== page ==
Imam Ibn Taymiyyah mentioned a golden principle about taking payment for acts of worship. As part of his reply about whether it is permitted to charge a fee to perform pilgrimage on someone else’s behalf (hajj al-badal), he stipulated this rule:
أَنْ يَأْخُذَ لِيَحُجَّ لا أَنْ يَحُجَّ لِيَأْخُذَ
‘He may take [payment] to [help him] perform the pilgrimage; he may not perform the pilgrimage just to take [payment].’1
He went on to explain that:
هَذَا فِي جَمِيعِ الأَرْزَاقِ الْمَأْخُوذَةِ عَلَى عَمَلٍ صَالِحٍ … فَفَرْقٌ بَيْنَ مَنْ يَكُونُ الدِّينُ مَقْصُودَهُ وَالدُّنْيَا وَسِيلَةٌ وَمَنْ تَكُونُ الدُّنْيَا مَقْصُودَهُ وَالدِّينُ وَسِيلَةٌ . وَالأَشْبَهُ أَنَّ هَذَا لَيْسَ لَهُ فِي الآخِرَةِ مِنْ خَلاقٍ .
‘This applies to all wealth one takes so as to undertake a righteous action … There is a difference between one who makes religion his goal and the world his means, and one who makes the world his goal and religion his means – the likes of this [latter person] will have no share in the Hereafter.’2
Ibn Taymiyyah’s words apply to those religiously qualified taking money to teach religion. But there’s a big difference between someone who puts receiving money at the heart of their ta‘lim affairs, and one who, although in financial difficulty, puts it at the periphery. Again, what a difference between one who says: “I will not do a talk unless I’m given this or that sum of money,” and one who says: “I cannot do a talk unless I’m given some money.” If the intention is corrupted by money matters, if the niyyah isn’t solely for God, the act is invalid and sinful – and each person is a vendor of their own soul. For: ‘Two ravenous wolves let loose amongst some sheep do less harm than craving after wealth or status does to a person’s religion,’3 said the Prophet ﷺ.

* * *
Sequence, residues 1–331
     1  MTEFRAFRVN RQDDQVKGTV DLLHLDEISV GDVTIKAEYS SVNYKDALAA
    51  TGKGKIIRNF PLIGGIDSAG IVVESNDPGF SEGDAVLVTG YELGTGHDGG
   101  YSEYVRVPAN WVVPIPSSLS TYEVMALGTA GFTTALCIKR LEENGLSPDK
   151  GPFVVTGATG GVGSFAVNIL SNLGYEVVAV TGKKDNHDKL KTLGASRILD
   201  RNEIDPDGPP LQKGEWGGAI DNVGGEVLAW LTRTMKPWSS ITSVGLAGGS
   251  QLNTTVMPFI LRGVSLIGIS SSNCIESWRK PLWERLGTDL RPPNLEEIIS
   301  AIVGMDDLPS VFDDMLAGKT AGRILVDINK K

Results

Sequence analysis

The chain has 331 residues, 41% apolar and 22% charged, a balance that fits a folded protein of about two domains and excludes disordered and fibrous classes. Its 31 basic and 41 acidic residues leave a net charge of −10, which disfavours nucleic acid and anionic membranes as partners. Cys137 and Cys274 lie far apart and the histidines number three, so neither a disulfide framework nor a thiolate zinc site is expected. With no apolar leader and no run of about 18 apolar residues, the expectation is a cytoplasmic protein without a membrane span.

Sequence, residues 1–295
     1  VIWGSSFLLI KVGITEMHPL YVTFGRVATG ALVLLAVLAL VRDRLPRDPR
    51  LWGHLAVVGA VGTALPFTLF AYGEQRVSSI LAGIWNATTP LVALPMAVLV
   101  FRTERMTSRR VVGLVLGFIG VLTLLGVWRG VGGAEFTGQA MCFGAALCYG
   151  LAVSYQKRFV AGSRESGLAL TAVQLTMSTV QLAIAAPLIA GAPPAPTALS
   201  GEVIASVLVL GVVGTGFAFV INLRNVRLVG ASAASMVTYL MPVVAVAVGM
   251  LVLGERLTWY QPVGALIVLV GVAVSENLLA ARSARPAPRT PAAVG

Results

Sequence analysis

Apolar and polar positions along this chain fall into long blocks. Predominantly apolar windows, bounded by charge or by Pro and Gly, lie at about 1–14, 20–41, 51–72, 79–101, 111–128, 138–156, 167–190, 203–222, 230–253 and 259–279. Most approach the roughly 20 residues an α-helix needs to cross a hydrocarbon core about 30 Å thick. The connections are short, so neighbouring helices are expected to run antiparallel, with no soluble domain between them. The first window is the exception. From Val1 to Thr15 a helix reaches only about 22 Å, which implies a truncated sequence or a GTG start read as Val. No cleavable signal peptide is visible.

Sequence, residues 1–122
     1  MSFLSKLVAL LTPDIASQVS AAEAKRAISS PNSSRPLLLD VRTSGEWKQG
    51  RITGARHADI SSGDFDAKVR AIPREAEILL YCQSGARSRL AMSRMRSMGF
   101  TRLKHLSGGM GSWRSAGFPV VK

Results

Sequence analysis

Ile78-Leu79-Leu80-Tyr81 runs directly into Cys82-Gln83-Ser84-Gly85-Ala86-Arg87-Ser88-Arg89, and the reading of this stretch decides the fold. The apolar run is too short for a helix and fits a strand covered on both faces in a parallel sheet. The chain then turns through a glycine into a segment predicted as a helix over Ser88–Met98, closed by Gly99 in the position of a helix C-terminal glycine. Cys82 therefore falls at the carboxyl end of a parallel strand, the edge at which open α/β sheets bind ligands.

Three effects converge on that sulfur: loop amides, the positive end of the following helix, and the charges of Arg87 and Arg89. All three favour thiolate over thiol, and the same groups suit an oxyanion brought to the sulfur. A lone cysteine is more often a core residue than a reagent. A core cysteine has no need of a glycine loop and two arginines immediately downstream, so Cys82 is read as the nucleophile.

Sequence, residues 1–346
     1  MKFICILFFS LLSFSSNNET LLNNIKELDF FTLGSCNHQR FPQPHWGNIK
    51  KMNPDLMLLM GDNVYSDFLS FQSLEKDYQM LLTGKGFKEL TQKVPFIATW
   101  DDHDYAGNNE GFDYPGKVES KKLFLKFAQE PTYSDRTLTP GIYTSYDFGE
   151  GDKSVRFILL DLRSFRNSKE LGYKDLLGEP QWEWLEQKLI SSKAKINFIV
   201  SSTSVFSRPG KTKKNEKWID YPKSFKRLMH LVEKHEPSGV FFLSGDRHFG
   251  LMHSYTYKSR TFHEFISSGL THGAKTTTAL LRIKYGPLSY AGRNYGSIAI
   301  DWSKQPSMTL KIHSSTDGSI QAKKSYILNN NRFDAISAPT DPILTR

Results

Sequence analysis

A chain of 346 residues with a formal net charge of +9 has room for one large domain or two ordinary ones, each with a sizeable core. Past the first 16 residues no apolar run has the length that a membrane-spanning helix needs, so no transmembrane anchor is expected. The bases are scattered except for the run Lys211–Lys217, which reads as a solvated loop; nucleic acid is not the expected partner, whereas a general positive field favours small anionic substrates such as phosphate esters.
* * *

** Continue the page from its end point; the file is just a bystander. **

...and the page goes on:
As to the question of charging extortionate fees or exorbitant honorariums for teaching or da‘wah – a serpent that is now in the garden – with what good faith can that be justified? Of course, what is or isn’t exorbitant is up for discussion. Of course, large organisations will have far greater overheads. Of course, quality produced books, translations and media productions are more costlier. Of course, we have a collective duty to assist the ulema‘. And of course, we must thank those organisations that have helped up the ante in terms of the ethos of excellence and professionalism they have brought to the teaching and da‘wah. All such matters are, hopefully, not in question. It’s simply that while many have sacrificed well-paid jobs in secular arenas for a lesser (or even no) salary in the Islamic field, some teachers and preachers are acting rather unbecomingly when it comes to the question of financial remuneration. That’s a shame, as well as shameful. Is it even lawful for event organisers funded by the public to misuse monies given to them on trust, by forking out such sums on such speakers; or to do so without public awareness of how their money is being misspent? Sincerity – stripping ourselves of all motives other than seeking the face of God – lies at the heart of the matter, as does following the shari‘ah ruling on how public money entrusted to organisations should be spent.
1. Majmu‘ Fatawa (Riyadh: Dar ‘Alam al-Kutub, 1991), 26:19.
2. Majmu‘ Fatawa, 26:19-20.
3. Al-Tirmidhi, no.2376, who said: ‘This hadith is hasan sahih.’